By: Marla Borkson

Date: February 23, 2015

This Tuesday February 17, 2015 Professor Curtis Milhaupt delivered The 8th annual William C. Jones Lecture to students, faculty, and professors.  The lecture was cosponsored by the Whitney R. Harris World Institute and the East Asian Languages and Cultures Department.   Professor Milhaupt is a professor at Columbia Law School in New York and a leading authority on comparative corporate governance, state capitalism, law and economic development, and the legal systems of East Asia.  He has testified before Congress on the national security implications of bilateral trade and economic relations between the U.S. and the People’s Republic of China.

Curtis 1

Prof. Milhaupt’s lecture was based on his research for two recent papers.  Milhaupt asserts that the Chinese economy is a species of corporate capitalism that might be called a “State Oriented Economy.”  Milhaupt argues that the global economic regulatory regime is not set up for this type of economic structure.  Policymakers are thus faced with many difficult issues in how to deal with Chinese firms active in the global economy.

In the first part of his presentation, Prof. Milhaupt outlined the “organizational ecology” in which the state sector operates. The State-Owned Assets Supervision and Commission (SASAC) acts as a controlling shareholder of about 115 SOE corporate groups, including many Fortune 500 companies.  SASAC is a complex entity, and according to the Wall Street Journal, is a “central holding company,” as well as the majority shareholder in a “core company.”  The core company, in turn, owns a majority of shares in the state-owned companies that comprise the group, including a finance company that is a source of finance for members.”  President Xi’s 2013 SOE reform platform pushed for an increase of private ownership in SOE firms.

His second paper stresses that focusing only on equity ownership does not give a full picture of a Chinese company’s relationship to the state.  In other words, the SOE-POE dichotomy is misleading. Milhaupt points out that ownership in many Chinese companies is mixed between SOE and private owned enterprises (POE).  He used the example of ZTE, a telecommunication firm whose shareholders are ultimately 49% private and 51% state, suggesting that ownership does not necessarily determine if a company is SOE or POE.  Additionally, Milhaupt argues that you cannot assume the state controls all aspects of an SOE. SOEs typically pay low dividends to the government, tolerate high levels of unregulated executive compensation, and sometimes refuse to implement government policies, most notably in the real estate sector.  At the same time, POEs often have close personnel links with the government and receive subsidies from the state, just like SOEs.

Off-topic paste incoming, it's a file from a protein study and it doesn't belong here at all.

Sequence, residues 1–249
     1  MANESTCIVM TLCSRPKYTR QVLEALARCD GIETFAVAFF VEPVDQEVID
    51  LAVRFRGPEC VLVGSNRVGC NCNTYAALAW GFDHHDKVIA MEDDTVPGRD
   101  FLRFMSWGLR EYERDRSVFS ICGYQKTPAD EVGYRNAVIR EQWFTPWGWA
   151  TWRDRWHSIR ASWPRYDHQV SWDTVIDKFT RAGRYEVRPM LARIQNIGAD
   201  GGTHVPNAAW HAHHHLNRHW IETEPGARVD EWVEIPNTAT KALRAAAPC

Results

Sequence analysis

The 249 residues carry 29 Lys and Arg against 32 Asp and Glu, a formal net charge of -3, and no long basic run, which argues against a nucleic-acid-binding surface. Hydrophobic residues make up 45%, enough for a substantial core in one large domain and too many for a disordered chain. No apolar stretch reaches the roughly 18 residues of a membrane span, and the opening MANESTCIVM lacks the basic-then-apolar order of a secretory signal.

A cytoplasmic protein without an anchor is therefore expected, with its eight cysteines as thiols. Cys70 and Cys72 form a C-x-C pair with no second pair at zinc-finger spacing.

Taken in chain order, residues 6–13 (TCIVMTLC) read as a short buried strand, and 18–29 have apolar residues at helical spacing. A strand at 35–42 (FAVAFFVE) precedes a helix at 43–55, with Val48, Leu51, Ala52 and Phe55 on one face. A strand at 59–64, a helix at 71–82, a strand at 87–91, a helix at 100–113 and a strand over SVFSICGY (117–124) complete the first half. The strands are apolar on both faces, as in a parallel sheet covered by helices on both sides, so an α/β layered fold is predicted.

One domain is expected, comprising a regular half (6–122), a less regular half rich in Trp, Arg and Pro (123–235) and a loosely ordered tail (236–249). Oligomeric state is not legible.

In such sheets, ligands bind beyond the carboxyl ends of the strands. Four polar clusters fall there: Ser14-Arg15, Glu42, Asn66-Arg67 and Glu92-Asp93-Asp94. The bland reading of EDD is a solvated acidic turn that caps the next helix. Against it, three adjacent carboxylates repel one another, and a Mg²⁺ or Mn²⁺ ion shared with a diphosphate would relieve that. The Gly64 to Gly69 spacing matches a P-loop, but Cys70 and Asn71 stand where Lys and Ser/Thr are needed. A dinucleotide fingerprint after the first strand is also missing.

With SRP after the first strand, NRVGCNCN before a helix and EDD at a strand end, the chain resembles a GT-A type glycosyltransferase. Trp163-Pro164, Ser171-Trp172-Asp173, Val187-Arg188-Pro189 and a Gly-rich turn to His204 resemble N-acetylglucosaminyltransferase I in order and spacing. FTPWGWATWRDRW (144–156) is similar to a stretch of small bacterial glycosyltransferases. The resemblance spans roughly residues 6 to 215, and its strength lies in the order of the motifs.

Milhaupt thus argues that capture of the state is a more important facet of Chinese corporate capitalism than ownership of enterprise. In order to capture the Chinese state, Milhaupt argues that firms (whether SOE or POE) must demonstrate growth potential; once they do, they will receive market access, licenses and subsidies from the government.

This system, with its complicated foundations, has many legal and policy implications, ranging from Chinese economic reform strategy to antitrust law, anti-bribery law, and anti-subsidy law.  Due to the mixed ownership and high degree of political involvement in many firms, the basic distinction between SOEs and POEs which runs throughout many laws may be unhelpful with respect to Chinese companies.  For example, under the Foreign Corrupt Practice Act, a bribe paid to an SOE executive is unlawful, while a bribe paid to a POE executive is not, even though the POE executive may be closely linked to the government. Similar problems arise from anti-subsidy laws, which also depend on the private/public classification, as private firms are allowed to pay subsidies, while “government bodies” are not.  The point is that basing these distinctions on the nature of equity ownership is not very helpful in the Chinese context.

In his concluding remarks, Professor Milhaupt stressed that it is in China’s best interests to be more transparent about links between the Party, the state, and economic enterprises.  He believes Chinese firms will always bear a “suspicion tax” from foreign countries — suspicion due to the fact that the outside world cannot tell if the firm is linked to the government or truly private.  He believes the way to remedy the situation is to remove the Communist Party from functioning within corporate structures, although he is highly skeptical that this will come about any time soon.